Tuesday, July 05, 2005

Confidante to One Tough Grandma

OK, so around 8:50 pm, I get a call from Carole Keeton Strayhorn, yeah, that one, the one running for governor. Yeah, she just wanted to talk politics with me. No biggie.


Actually, it rocked. I don't know how much to backtrack for those who are out of the loop of Texas politics but I'll summarize in brief. Tom DeLay (I'm sure you've heard of him) ramrodded redistricting through our state legislature two years ago. It left Austin Texas without a person in the US House of Representatives. Oh, I'm exagerating, my district 10 is a long skinny snakey thing that runs from my neighborhood (urban Austin) all the way over to Houston (3 hours east). There was no Democrat on the ballot for me to even vote for in 2004 because it was senseless for the party to waste money on such a gerrymandered mess. A dad from my kid's elementary school ran as a write in. He lost.

During this travesty of the democratic process, Rick Perry did Tom DeLay's dirty work. I towed my kids to hearings at the capitol and in the process got serious about speaking up.

I want Rick Perry out.

So anyway, about a year ago, I saw our State Comptroller, Mrs. Strayhorn at the grocery store on three successive Saturday mornings. Of course I had to say hi, because she's sort of famous. I told her I was a Lloyd Doggett Democrat (our beloved Liberal old representative before redistricting who beat the odds and now represents a snakey district stretching from South Austin to the Mexican border), told her if she ran against Rick Perry, this Democrat would vote for her and work for her campaign.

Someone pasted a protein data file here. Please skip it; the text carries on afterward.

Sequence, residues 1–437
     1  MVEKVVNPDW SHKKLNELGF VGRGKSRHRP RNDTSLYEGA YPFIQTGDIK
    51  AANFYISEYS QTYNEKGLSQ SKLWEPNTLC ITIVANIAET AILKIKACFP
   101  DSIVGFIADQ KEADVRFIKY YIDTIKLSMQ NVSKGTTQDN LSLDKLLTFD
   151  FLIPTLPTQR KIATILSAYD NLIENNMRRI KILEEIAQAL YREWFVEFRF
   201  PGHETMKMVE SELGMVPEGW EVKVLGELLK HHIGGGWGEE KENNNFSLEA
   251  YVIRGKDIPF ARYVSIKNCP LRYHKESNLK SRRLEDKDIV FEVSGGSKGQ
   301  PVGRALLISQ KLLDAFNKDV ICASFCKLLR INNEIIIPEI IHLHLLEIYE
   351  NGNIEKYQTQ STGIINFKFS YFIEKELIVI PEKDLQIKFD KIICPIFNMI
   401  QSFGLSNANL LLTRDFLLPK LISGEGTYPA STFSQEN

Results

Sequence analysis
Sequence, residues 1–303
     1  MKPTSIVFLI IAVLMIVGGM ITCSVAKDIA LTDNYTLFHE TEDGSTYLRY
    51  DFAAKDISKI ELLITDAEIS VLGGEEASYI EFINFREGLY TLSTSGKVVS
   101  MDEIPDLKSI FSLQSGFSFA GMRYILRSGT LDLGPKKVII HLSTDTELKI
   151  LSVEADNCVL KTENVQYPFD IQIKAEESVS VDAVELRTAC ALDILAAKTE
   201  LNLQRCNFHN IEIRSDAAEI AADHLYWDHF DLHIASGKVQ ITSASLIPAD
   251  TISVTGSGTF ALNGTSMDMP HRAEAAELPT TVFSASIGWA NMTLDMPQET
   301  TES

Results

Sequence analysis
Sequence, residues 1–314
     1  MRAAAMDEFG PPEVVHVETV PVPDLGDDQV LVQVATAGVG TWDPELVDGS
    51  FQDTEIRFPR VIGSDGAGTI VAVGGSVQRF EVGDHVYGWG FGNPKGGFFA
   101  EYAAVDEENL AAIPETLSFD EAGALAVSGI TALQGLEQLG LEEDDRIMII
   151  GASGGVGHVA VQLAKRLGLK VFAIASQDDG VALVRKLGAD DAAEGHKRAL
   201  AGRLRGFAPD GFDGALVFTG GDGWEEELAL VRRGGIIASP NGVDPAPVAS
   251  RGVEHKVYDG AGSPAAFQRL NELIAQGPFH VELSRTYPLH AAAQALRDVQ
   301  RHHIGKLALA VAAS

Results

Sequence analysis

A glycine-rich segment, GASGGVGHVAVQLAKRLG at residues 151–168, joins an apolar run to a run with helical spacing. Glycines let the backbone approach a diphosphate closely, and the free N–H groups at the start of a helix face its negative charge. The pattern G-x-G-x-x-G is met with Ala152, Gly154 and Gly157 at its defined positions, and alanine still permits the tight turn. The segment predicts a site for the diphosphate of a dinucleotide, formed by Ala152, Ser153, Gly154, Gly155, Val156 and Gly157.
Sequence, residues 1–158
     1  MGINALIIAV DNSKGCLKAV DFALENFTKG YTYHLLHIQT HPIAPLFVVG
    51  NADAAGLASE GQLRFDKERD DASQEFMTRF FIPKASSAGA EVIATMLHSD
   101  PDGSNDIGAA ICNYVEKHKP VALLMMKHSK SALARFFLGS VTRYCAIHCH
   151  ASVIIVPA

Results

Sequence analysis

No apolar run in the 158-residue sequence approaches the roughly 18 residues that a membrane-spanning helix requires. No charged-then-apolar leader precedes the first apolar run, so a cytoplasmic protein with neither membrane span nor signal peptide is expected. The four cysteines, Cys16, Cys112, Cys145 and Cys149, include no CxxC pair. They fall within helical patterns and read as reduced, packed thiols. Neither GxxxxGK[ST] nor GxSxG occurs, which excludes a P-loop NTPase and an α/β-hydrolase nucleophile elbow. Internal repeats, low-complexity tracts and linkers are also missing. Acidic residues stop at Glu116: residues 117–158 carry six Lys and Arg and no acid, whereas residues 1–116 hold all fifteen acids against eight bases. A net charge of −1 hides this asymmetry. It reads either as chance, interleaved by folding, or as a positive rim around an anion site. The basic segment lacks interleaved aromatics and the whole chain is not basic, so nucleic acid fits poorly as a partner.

I mentioned my kids aspired to live in the Governor's Mansion someday. And I'll be damned if she didn't memorize my name, my story, my kids' names and then surprise us with letters to the kids, wishing them luck on becoming Governor, and t-shirts. We wrote her to say thanks, and she wrote again. And now we are on her guest list for parties. We even got a personal phone call from her staffer inviting us to her announcement rally when she declared her candidancy.

Anyway, I wrote a letter to the editor of the paper relating my grocery store story, and it got published last week. I ended my letter with "I'm going to call her office and volunteer today! Democrats for One Tough Grandma".

Tonght she called me at home to say thanks. I kicked back on the bed and chatted about her race, our mutual feelings for Rick Perry ("adios, Mofo") and how she has worked with Arnold Schwartzeneger's pollster to find that the primary will be her battle for Governor and she needs influential "D's" to come to her aid. Rick is set to run with the backing of the ultra Conservative "R's". She said she needed influential "D's" on her side. I told her to give me 15 years, and I'd be an influential D. I told her I want to be on the school board and maybe work my way up. She said "I could give you a boost", and told me that when her kids were little she ran for school board as her first election. She said it was a good move because the election campaign is short and you can always find sitter for the evening meetings when you win.

Anyway, we just chatted for about 10-15 minutes. I was strangely at ease, even using the "adios, Mofo" at one point. I joked about how my parents were probably getting some false hope with me considering working on a Republican's campaign, and that once the primary was over, she was on her own. She laughed at that. Lucky for her I have my sights set on Rick Perry as revenge for redistricting and she is the beneficiary of my malevolence.